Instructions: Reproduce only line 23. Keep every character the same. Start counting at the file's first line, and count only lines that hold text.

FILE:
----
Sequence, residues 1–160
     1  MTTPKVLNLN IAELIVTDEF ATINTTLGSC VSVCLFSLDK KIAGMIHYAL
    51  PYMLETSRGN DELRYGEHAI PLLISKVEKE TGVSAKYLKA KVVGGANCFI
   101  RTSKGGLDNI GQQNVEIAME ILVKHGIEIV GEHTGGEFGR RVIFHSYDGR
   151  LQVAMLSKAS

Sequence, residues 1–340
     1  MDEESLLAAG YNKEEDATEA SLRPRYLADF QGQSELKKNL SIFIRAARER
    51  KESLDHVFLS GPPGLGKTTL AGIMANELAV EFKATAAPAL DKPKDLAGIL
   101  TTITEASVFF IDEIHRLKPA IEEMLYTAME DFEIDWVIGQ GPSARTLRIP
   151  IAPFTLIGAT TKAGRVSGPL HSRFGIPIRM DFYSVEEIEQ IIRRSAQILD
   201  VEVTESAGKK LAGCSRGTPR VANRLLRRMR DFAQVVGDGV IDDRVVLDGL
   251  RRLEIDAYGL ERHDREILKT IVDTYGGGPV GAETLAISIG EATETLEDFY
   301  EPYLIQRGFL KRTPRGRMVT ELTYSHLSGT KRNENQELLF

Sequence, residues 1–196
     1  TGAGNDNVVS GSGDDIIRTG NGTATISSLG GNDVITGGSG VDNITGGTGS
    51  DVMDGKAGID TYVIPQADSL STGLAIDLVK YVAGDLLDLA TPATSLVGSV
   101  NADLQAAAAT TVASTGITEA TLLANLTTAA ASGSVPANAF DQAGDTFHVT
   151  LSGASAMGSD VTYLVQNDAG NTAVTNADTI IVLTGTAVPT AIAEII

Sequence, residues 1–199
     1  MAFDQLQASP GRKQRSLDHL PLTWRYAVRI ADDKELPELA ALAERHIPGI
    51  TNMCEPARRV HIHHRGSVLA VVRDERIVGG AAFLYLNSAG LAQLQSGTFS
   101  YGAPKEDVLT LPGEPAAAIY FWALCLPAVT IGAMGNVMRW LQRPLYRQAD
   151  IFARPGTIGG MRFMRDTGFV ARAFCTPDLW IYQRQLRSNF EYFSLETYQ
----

   151  IFARPGTIGG MRFMRDTGFV ARAFCTPDLW IYQRQLRSNF EYFSLETYQ